Then, last night was our theater night. The play was kind of lame. Parts of it were really great, but other parts just didn't work. It was the first time it had ever been performed, so they were clearly still working out the kinks. And you know, just once, I'd like to see a play that didn't rely on that hackneyed chase thing where someone runs in from the wings supposedly running away from someone else, and then runs off into the opposite wings, and then the person who is chasing them runs on from the other side and across the stage, as if the stage was a huge distance. I'm not describing it well, but I'm sure you know what I mean. It did make me wonder, though, if watching this rough draft of a play was a lot like what my advisor experiences when he reads a rough draft of one of my chapters -- kind of twitchy and uncomfortable, sad and embarrassed for the person, but seeing the good parts in the midst of the dross nonetheless.
We went for ice cream afterwards and the *(@$$ ice cream company switched to the cheap-ass waxy not chocolate Hot Fudge AGAIN, after they tried it last year and it failed because it was totally foul and, hello, people could tell. Spousal Unit and I both left detailed comments about how stupid it is to go to all of the trouble of making homemade, local ice cream and then topping it with imitation barely flavored liquid flavoring sauce. Needless to say, I was disappointed.
Today, I'm cleaning out my study so that when I start teaching, I don't still have stacks and stacks of mystery piles of paper everywhere. I must confess at this time thatI have a drawer in my desk that I haven't opened in 4 years because it is so crammed full of papers. So far the funniest thing I've found was a cardboard box that I was storing random crap in that had a postmark on it from 1978. I've had that box since I was 7? What in the hell? But, mostly all I'm finding are scraps of thoughts that I wrote down on the back of something else because I thought maybe it would be brilliant, but probably isn't but I'm afraid to throw away because what if it totally solves the problem of my whole dissertation? Hopefully, by the end of the day, I'll have a tidy study so that I can start the year off fresh. Then, tomorrow, it is back to Chapter 1. I'm really keeping my fingers crossed that that darned hyperactive labrador of a brain will have settled down a bit and will be ready for some real work tomorrow.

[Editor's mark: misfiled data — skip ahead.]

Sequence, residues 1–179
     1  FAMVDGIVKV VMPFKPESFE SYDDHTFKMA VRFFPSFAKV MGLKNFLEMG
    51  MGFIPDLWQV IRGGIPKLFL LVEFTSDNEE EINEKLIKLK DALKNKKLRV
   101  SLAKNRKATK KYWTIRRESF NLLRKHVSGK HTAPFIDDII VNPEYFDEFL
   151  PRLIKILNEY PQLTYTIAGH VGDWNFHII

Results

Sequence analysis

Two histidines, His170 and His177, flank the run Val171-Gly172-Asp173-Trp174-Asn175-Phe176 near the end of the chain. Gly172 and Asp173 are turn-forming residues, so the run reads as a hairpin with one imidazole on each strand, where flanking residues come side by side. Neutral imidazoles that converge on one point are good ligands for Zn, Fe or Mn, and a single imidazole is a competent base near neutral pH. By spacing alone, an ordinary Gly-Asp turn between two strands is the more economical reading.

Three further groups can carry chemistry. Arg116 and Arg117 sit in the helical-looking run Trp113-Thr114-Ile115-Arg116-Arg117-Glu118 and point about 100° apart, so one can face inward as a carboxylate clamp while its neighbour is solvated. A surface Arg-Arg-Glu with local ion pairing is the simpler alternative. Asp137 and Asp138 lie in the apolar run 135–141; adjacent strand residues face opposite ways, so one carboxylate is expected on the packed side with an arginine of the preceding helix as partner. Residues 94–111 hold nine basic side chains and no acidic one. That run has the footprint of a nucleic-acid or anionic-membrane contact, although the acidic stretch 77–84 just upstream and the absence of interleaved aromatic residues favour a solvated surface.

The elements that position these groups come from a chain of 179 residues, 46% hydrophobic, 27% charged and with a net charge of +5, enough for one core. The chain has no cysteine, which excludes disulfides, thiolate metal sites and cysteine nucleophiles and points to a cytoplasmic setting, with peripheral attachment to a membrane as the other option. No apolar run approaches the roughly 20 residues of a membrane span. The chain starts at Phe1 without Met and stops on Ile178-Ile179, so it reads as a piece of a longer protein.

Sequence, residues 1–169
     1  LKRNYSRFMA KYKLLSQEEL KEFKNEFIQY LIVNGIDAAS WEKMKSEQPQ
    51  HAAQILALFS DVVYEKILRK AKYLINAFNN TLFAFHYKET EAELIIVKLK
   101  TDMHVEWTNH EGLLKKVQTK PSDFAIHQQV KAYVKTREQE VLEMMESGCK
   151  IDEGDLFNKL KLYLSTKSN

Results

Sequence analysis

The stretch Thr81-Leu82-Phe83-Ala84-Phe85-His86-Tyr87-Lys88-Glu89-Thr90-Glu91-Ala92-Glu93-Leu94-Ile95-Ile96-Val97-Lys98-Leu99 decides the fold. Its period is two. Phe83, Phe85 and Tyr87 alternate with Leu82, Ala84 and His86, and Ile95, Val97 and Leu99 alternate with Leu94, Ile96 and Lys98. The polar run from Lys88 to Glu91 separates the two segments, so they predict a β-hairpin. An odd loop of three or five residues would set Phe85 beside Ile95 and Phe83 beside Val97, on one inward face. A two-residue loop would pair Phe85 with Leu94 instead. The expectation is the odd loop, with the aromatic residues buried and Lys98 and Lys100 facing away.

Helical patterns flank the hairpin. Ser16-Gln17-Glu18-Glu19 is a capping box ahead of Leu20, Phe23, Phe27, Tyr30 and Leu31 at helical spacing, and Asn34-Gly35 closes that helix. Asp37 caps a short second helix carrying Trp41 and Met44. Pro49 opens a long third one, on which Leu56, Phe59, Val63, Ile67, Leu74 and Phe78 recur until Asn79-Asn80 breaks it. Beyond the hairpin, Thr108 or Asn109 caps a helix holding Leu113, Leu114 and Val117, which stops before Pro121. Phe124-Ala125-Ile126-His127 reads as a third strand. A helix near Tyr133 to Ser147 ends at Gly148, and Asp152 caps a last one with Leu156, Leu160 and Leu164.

- At 3:33 PM HistGrad said...
Oh my god! What a perfect description. I must be suffering from the same puppy-brained condition. Perhaps we've been wired since childhood to become less and less attentive as the school year approaches... sort of like a defense mechanism to the Taylorism that will soon befall us. Sigh. Can you tell I'm already mourning the end of summer?
- At 4:27 PM Suz said...
Love the puppy-brain image too. But I am sad to say that it congures up an image of my brain trying to work: An aging, arthritic, old lab with a fly on his ear, asleep under a tree. The only sign of life is that his tail occassionally twitches. Now my luck is that caffiene works pretty well on old labs -- alot better than it does on hyper puppies.
- At 7:30 PM lucyrain said...
I love--and honked a laugh at--the image of you and SU writing "detailed comments" at the ice cream shop.
I'm still smilin' . . . .